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Ezee Trowel Essential For Backpacker Latrine Needs

Reviewing: Ezee Plastic Trowel  |  Rating:
Joan Young By Joan Young on
Badge: Editor | Level: 34 | Outdoors & Recreation Expertise:
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If you are a backpacker you know that there is more to the call of nature than a nice view. At some point you are going to have to answer those other calls. Here is where the EZEE trowel comes in. This has been our choice for 20 years.

For years there have been two basic choices of trowel for backpackers to use for digging small holes to use as a one-time latrine. There is this familiar orange trowel and the U-Dig-It, which is metal with a folding handle. They both have their proponents. I see that there is now a third choice called an iPood. But I think I’ll stick with the little orange shovel. Here’s why.

After 19 years of service on everything from solo trips to multi-week hikes with up to four people, our first EZEE trowel said that it was tired. See broken trowel. It’s also rather fades, but that’s certainly not important. But I ordered the same thing as a replacement.

The advantages of the U-Dig-It are that it is metal and that the handle folds down, making packing easier. The disadvantages are its weight and price.

The new iPood option is also metal, and does not fold, but has a short blade and a hollow handle for storing something- a very small wad of toilet paper? I haven’t tried it out, but it has the same disadvantages.

The advantages of the two metal trowels is that they may be sturdier for digging a hole in hard dirt. I say “may be” because there is only a certain amount of leverage you can get with a tiny shovel anyway.

Here is a table of the various specs

Item material weight price construction

EZEE plastic 2 oz $2.99 one piece- rigid, pointed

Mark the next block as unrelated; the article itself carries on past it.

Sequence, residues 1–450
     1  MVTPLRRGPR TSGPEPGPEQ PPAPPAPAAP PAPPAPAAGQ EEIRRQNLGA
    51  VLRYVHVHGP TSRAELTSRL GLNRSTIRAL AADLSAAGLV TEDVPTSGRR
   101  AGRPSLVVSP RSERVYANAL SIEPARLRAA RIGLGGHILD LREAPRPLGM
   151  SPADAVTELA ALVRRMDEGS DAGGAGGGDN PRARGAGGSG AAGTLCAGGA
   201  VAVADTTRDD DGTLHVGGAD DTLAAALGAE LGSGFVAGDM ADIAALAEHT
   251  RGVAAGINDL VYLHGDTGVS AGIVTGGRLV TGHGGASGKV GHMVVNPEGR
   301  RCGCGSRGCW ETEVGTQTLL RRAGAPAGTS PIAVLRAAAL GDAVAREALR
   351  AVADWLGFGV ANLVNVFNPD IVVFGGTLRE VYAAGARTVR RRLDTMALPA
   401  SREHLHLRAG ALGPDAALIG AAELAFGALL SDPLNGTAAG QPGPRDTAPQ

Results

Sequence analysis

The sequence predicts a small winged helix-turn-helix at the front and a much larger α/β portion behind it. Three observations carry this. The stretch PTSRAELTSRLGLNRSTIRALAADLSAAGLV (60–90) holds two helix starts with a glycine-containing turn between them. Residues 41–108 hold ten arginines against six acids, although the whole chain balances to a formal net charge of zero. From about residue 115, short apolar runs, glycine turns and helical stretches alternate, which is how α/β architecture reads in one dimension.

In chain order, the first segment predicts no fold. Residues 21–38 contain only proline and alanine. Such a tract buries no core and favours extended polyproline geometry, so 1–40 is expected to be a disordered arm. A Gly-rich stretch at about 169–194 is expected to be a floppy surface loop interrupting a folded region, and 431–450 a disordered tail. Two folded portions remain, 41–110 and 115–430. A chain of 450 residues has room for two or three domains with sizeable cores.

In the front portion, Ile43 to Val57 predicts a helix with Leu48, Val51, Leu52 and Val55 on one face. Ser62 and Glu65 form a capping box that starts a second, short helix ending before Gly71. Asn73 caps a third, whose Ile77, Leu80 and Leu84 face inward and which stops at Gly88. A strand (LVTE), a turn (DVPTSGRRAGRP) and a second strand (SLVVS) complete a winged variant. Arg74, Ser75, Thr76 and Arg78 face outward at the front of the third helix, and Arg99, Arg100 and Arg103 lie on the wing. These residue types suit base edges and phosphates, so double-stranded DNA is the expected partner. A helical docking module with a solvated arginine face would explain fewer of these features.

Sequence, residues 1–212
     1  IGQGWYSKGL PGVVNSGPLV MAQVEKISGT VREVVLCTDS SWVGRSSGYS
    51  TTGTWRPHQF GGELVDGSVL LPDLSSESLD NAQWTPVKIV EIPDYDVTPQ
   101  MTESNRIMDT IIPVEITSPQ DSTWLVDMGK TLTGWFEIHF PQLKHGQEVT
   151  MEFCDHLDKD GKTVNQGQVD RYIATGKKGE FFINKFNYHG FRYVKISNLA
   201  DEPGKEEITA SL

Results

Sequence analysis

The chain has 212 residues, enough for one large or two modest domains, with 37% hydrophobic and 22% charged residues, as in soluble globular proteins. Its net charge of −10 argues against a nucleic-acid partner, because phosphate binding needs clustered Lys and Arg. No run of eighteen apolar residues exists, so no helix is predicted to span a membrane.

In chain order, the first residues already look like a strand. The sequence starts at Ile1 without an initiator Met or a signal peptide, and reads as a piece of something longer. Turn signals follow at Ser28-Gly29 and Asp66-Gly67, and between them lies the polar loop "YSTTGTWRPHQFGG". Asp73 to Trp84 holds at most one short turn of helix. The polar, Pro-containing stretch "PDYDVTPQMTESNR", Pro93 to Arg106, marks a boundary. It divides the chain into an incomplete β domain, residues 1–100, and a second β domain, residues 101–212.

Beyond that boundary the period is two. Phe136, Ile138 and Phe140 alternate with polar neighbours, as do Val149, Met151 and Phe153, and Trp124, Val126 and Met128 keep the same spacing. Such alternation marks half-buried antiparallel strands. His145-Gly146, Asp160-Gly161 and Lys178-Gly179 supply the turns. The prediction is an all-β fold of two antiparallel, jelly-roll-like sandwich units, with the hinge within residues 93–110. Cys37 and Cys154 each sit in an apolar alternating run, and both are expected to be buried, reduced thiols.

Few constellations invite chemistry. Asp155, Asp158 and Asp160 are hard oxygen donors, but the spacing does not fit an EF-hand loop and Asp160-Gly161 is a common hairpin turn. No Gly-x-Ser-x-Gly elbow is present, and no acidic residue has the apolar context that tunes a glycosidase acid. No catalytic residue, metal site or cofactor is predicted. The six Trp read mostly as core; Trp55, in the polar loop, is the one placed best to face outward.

U-DIg-It stainless steel 6 oz $19.99 handle folds down, pointed

iPood anodized aluminum 3.5 oz $16.99 hollow handle, flat blade

For me, weight and price just can’t be beat on this classic item. Shedding ounces is the backpackers’ credo.

The EZEE trowel is made of a hard plastic and the edges are beveled so that they are sharp. Not sharp enough to cut yourself, but definitely helpful if you have to chop a hole in peat or cut some small roots. I see that the new version has measurements on the edges. I think this would be more useful if you were planting bulbs instead of digging a “cathole, ” but perhaps the EZEE is living a double life and is marketed as a gardening tool.

I really like the orange color. It’s easy to find when you lay it down. And sometimes when you are digging your little hole in a hurry, you aren’t really thinking about where you toss the shovel until it’s time to pack up the potty kit again.

The big disadvantage is the shape. It’s 11 inches long and almost 3 inches broad. This means that it won’t fit in a gallon ziplock bag except kitty-corner. You must store it in a place that can accept long items. On traditional backpacks there is usually a long outer pocket. Newer packs tend to have one central space, but however you pack, long rigid shapes are somewhat problematic. With the pack I use, it slips neatly behind one of my outer pockets (I’ve sewed the bottom of that placket shut so it’s really another easy-access pocket.)

Our potty kit consists of this trowel, a small roll of toilet paper (replacement rolls kept elsewhere), a coffee-bean bag for used paper (sturdy, damp resistant, and opaque), and a small bottle of hand sanitizer.

Anyway, our old trowel finally snapped and it was given a brief funeral as it was tossed in the trash. It’s bright new replacement will be christened next week.